Jammed in the back of the files I found a small journal. It was wrapped in a plastic bag that used to contain Palmolive soap bars. The front and back hard-bound covers were ripped away, leaving the clusters of pages precariously clinging to dangling strings that once held them to the biding, and it was badly burned at the top where fire had once threatened to destroy it. I was confident the singed top was the result of a house fire when I was a child. It was a thrill to discover the journal survived.

From the first page, starting from just under the charred top:

…if I were about to take the most decisive step of my life I hesitate upon these words. For indeed, I have taken a decisive step, perhaps a monumental one, and the need for words of monument is impressive. I am, on this date, aboard my first ship, the Phillip Livingston…We are tied up at a smelter, discharging nitrates from Chile, Peru and Ecuador. Oh, the fascination of the far-sounding names!
I fight the death of youth, fight the becoming a man, wanting neither to the exclusion of the other.
I took the helm for the first time today while we moved to another dock. It was a magnificent sensation of importance and responsibility…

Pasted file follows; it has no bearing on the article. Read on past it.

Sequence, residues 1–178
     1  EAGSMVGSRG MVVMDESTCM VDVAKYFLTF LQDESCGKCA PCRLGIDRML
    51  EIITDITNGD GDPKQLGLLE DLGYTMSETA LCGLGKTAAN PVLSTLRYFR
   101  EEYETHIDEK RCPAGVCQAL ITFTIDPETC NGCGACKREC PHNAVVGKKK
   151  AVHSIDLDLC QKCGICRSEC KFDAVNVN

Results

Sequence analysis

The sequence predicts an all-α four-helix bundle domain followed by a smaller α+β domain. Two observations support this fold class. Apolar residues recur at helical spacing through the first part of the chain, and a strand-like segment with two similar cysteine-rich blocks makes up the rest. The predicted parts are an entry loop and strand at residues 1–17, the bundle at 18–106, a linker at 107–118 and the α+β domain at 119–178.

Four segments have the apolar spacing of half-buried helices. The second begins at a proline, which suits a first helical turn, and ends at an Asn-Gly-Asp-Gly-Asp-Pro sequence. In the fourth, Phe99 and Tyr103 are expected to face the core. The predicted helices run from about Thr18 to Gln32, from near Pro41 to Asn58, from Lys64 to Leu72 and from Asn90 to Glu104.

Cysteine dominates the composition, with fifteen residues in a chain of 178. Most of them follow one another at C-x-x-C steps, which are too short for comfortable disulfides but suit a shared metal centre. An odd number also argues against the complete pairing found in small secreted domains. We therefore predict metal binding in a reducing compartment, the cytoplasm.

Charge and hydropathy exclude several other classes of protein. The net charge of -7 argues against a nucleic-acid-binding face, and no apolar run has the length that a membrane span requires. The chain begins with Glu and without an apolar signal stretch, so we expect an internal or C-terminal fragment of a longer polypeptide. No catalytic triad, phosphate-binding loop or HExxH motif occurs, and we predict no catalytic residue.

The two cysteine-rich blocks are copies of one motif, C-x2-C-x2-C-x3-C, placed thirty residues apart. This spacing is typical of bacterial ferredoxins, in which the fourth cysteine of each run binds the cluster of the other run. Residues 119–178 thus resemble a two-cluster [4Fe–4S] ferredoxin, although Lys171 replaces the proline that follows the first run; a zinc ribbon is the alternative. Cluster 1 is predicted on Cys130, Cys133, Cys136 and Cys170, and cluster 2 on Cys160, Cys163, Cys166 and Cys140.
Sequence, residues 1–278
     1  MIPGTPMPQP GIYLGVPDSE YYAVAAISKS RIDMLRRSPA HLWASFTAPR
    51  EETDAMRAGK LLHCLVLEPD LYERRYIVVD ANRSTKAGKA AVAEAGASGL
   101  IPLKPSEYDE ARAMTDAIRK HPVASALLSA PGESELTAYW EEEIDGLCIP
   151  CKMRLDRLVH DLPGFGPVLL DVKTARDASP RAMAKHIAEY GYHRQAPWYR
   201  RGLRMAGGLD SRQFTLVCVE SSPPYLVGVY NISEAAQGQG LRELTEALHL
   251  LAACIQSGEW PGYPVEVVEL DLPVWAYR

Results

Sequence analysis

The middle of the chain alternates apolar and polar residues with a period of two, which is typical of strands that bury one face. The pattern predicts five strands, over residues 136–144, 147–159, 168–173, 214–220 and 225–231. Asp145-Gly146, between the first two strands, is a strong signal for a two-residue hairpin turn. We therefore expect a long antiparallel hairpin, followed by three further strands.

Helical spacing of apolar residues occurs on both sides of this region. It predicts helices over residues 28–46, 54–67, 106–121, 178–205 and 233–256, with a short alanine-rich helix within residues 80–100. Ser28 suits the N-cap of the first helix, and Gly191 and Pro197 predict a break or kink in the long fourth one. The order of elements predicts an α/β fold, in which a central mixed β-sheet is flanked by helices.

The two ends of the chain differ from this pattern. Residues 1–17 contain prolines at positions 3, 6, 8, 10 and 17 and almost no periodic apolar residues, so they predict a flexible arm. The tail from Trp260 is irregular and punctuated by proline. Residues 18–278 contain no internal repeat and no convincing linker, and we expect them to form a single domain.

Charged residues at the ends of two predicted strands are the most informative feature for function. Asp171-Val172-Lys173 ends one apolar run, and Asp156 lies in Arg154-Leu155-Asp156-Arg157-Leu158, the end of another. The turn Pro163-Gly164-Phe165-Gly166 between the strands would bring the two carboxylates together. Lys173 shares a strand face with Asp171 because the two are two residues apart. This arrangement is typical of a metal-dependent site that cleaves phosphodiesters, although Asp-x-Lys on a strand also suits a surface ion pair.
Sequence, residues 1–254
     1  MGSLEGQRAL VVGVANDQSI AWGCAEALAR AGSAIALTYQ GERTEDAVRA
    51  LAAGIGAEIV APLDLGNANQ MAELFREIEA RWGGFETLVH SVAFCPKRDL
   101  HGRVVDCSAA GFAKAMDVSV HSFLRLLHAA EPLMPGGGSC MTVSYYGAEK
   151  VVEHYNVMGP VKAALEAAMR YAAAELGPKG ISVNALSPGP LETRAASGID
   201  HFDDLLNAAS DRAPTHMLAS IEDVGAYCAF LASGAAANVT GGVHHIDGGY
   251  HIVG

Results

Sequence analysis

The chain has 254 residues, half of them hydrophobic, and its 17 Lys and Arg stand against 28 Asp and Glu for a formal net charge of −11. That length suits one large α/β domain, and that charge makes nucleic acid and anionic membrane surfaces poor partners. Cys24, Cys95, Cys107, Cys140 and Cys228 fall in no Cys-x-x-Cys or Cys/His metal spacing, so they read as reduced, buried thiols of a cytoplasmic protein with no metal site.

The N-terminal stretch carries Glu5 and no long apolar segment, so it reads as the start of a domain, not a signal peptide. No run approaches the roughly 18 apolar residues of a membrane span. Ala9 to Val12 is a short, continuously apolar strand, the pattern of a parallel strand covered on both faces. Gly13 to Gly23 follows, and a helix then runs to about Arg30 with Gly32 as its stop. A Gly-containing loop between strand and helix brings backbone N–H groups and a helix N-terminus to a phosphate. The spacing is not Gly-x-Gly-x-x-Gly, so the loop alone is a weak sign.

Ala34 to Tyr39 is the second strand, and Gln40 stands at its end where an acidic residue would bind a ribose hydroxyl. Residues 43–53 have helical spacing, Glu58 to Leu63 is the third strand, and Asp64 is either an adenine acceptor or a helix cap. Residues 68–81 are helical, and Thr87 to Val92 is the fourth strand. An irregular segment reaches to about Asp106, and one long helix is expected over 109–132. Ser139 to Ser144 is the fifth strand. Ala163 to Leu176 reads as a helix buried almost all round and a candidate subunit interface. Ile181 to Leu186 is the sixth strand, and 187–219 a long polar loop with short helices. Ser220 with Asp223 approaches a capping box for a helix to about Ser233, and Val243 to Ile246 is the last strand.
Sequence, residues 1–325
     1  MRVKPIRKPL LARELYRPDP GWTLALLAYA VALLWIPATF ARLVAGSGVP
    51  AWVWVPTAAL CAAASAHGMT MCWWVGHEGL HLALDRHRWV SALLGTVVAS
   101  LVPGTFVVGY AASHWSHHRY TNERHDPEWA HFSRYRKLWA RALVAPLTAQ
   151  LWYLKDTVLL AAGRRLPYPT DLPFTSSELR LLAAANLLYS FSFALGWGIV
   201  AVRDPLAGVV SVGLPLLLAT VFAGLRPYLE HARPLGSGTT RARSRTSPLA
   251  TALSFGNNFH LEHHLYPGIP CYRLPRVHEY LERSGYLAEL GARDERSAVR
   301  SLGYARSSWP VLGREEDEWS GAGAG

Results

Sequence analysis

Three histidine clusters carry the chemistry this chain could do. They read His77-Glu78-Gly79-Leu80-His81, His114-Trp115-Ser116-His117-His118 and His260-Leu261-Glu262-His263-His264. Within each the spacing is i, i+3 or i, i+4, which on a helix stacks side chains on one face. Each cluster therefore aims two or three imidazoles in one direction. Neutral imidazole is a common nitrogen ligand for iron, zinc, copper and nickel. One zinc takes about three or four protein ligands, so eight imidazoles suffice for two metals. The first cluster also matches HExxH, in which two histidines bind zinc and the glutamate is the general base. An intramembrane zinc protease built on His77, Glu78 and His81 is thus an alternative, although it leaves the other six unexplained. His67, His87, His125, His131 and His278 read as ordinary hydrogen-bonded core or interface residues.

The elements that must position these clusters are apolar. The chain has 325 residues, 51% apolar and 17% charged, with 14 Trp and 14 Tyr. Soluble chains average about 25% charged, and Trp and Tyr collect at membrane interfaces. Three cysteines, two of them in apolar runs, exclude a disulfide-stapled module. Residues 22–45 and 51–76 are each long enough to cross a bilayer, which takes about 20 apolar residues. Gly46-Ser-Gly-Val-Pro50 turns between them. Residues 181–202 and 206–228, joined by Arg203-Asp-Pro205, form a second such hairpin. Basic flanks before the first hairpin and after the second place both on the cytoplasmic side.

Gray ship, gray day…frantic bouncing of the gulls in the wind, a boiling, brutal wind sprawling on the face of the sea-top. We depart Bellingham at 6am and the adventure commences.

In the 1990s, my father was interviewed for a book—though I do not think it was ever published—about the Cadet Midshipmen of the US Merchant Marines during World War II. It was then that all the stories of his three or so years of service came pouring out, exactly as if a faucet inside him was turned to the open position. The interview inspired him to write it all down. I have a photocopy of one of his drafts, somewhere. For all his efforts at writing the perfect short story, opinion piece for the local paper or essay of my parent’s traveling years after retirement, his memoir of his war service was his very best work.

Kingspoint, USMM Academy, class of 1943 or 44.
b.May 1920-d.April 2011